This time we would like to introduce young student, soon to be neurologist, Julia Kent who was awarded the Dean Award for Excellent Scientific Work for her paper: The decline in stroke hospitalization due to COVID-19 is unrelated to COVID-19 intensity, published in European Journal of Neurology (IF 6.28). Julia was mentored by prof. Mikulík and Dr. Šedová and her paper describes the influence of COVID 19 on both hemorrhagic and ischemic stroke incidence.
Julia, thank you for taking the time to talk to me. Where do you come from and where do you study?
I am currently in the 5th year of my studies the Faculty of Medicine of the Masaryk University in Brno. I originally come from Germany, but I spent half of my life in Munich and the other half in Prague. I decided to go to Brno to study because of the offer to participate in research within the P-PooL faculty program, which integrates students of the Faculty of Medicine into research right from the beginning of their studies.
Regarding your recent award I bet it paid off. How did you come across neuroepidemiology and choose this specific field for research?
I joined Professor Mikulík's research team during an internship organized by the ICRC Academy, where I was first assigned to the Public Health group. After the internship, I had the opportunity to participate in neuroepidemiological research focused on the issue of the COVID-19 pandemic. I was very grateful for this opportunity, because I felt that after the start of the pandemic, it was not possible to conduct clinical research as before, mainly due to the limitation of contact with patients. In this way, however, I got the opportunity to be part of a research project and at the same time work on a topic that was current and important.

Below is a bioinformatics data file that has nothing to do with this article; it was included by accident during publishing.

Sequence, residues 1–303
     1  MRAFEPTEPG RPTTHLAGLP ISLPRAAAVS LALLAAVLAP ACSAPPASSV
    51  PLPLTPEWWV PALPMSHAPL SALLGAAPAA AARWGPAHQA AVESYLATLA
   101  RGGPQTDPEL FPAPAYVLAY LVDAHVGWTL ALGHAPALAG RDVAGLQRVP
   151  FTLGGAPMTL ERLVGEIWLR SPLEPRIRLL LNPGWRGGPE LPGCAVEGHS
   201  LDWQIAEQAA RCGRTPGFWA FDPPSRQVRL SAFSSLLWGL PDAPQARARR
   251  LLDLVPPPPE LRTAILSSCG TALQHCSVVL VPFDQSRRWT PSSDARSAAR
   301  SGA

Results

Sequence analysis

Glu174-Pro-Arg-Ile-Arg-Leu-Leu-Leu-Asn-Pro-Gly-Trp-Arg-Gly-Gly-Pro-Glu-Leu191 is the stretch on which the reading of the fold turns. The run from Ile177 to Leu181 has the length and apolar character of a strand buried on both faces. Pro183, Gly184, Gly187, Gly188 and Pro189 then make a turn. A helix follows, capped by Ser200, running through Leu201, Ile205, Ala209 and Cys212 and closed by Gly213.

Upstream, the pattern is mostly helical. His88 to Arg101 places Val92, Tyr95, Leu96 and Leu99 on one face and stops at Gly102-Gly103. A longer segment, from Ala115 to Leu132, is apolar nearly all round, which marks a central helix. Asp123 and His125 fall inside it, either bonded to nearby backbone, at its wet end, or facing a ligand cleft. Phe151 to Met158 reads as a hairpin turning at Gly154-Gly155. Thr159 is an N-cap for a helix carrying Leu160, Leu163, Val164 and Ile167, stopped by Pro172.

Yes, the COVID-19 pandemic was a real gamechanger in every field. How did it affect you and your work? And since it was also the topic for your paper, what were your findings and what let you to them?
In our paper, we focused on the effect of the COVID-19 pandemic on hospitalization, recanalization therapy and the quality of acute care in patients with cerebrovascular accident in the Czech Republic. The strength of our study is that we used national data and that we assessed the entire year of the pandemic from March 2020 to February 2021. Ultimately, our study showed that in all covid waves there was a decrease in stroke hospitalizations compared to the pre-pandemic period, regardless of the incidence of COVID-19. Furthermore, we found that while the absolute number of recanalization procedures decreased during the pandemic, the relative number of ischemic stroke patients who underwent these procedures remained the same. Recanalization times as indicators of the quality of acute care were comparable to the pre-pandemic period.
And how would you describe your research in Stroke Research Program led by prof Mikulik? What did it bring you?
I am very happy that I can be part of Professor Mikulík's research team. Since the beginning of my work on this study, I have been working closely with Dr. Šedová, and I feel that both she and professor Mikulík really try to involve me in research activities and give me the opportunity to advance my knowledge and skills. In my opinion, research work is always a team effort and I am very grateful for this great team.
Sounds really great. Will you keep doing research or what are your plans for the future?
I knew from the beginning of my studies that one day I wanted to push ahead neurology, and now that I'm almost at the end of my studies, I still have the same goal in mind. For me, research is an inseparable part of the medical profession, so I would like to devote myself to neurological research in the future as well.